MALACANANG yesterday said the filing of a complaint before the International Criminal Court against Chinese President Xi Jinping “may be a futile exercise.”
“The filing of the complaint may be a futile exercise. The ICC has no jurisdiction over China,” presidential spokesperson and Chief Presidential Legal Counsel Salvador Panelo said in a statement.
Former Foreign Secretary Albert Del Rosario and former Ombudsman Conchita Carpio Morales sued Chinese President Xi Jinping, Foreign Minister Wang Yi and China’s envoy to Manila Zhao Jianhua for allegedly committing crimes against humanity in connection with China’s activities to gain control over most of the South China Sea.
They filed the case before the ICC on March 15 or two days before the Philippines’ exit from the tribunal.
“Former Ombudsman Conchita Carpio-Morales and former Foreign Affairs Secretary Albert del Rosario may have the right to file the complaint against Chinese President Xi Jinping before the International Criminal Court (ICC) as individuals over a perceived violation committed against their country or their countrymen,” Panelo said.
“They could be motivated with righteous indignation over the establishment of structures on some parts of the South China Sea which have been ruled to be rightfully belonging to us. To their minds, the establishment of those structures endangers the environment as well as our fishermen,” he added.
“As the President said, former Ombudsman Morales and former Foreign Affairs Secretary Del Rosario have the right to file the complaint against President Xi before the ICC,” Panelo said.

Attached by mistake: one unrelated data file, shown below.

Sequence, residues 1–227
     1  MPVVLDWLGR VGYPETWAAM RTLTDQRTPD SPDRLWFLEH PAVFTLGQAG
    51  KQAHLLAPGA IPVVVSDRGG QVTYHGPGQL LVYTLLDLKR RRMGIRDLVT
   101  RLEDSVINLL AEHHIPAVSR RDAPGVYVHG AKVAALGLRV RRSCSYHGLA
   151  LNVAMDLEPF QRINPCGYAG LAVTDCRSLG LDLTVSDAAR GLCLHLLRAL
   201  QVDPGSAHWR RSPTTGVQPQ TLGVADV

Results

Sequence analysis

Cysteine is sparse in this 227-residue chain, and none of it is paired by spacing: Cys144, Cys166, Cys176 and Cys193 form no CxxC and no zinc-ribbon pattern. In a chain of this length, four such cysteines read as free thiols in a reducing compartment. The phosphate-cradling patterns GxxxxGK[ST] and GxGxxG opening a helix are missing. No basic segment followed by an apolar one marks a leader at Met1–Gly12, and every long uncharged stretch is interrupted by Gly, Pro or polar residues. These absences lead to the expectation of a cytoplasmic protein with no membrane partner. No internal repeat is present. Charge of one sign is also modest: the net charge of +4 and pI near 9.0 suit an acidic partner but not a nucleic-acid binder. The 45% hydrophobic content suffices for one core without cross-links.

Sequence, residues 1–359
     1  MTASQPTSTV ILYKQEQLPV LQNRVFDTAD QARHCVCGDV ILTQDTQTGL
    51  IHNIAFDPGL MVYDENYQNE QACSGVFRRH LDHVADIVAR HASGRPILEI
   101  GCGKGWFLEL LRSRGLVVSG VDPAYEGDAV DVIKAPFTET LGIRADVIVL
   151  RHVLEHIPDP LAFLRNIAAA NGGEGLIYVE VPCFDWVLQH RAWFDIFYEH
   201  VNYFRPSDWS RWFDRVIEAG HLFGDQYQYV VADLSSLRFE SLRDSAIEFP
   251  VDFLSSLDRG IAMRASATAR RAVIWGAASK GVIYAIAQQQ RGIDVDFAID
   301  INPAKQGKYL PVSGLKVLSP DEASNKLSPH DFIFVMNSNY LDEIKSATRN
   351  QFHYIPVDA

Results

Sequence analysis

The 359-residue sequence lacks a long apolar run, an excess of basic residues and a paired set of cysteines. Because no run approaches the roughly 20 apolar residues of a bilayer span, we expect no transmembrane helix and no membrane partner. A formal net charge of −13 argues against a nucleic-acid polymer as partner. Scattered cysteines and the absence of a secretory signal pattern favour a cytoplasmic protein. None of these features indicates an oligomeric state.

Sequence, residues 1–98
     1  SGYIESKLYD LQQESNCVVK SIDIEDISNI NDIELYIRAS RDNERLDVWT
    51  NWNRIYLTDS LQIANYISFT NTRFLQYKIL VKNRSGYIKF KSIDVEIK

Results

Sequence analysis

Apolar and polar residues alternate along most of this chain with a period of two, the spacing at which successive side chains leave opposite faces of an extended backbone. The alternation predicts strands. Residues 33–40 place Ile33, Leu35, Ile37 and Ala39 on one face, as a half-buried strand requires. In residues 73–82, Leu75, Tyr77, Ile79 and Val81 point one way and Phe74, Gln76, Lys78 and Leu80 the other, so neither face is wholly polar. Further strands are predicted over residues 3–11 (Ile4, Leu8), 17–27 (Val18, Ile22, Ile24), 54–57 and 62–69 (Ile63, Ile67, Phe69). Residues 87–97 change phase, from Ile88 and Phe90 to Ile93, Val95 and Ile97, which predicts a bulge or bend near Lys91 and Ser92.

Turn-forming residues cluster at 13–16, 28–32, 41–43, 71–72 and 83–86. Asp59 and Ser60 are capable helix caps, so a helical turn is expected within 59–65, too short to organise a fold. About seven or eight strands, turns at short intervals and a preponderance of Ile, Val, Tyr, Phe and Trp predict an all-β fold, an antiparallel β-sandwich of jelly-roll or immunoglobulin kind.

However, he said the case may be dismissed since China, like the Philippines, is not an ICC member.
“Whether or not the case will prosper is another matter. It could be dismissed because China is not a member of the ICC, so is the Philippines,” Panelo said.
The presidential spokesperson also said the two ex-officials are not authorized to file a complaint against China on behalf of the Philippines.
“The complainants are also not authorized to lodge a complaint against China at the ICC on behalf of the Philippines, and even if they are so authorized still since our position is that the ICC has never acquired jurisdiction over us given that the Rome Statute never took effect as the requirement of publication in a newspaper of general circulation or in the Official Gazette was not complied with, which publication is a requirement in our jurisdiction before the said Rome Statute or any law for that matter becomes effective and enforceable,” Panelo explained.
“Assuming that they are so authorized, the Philippines, like China, as we have said, is not a State Party to the ICC hence the latter cannot take jurisdiction,” he added.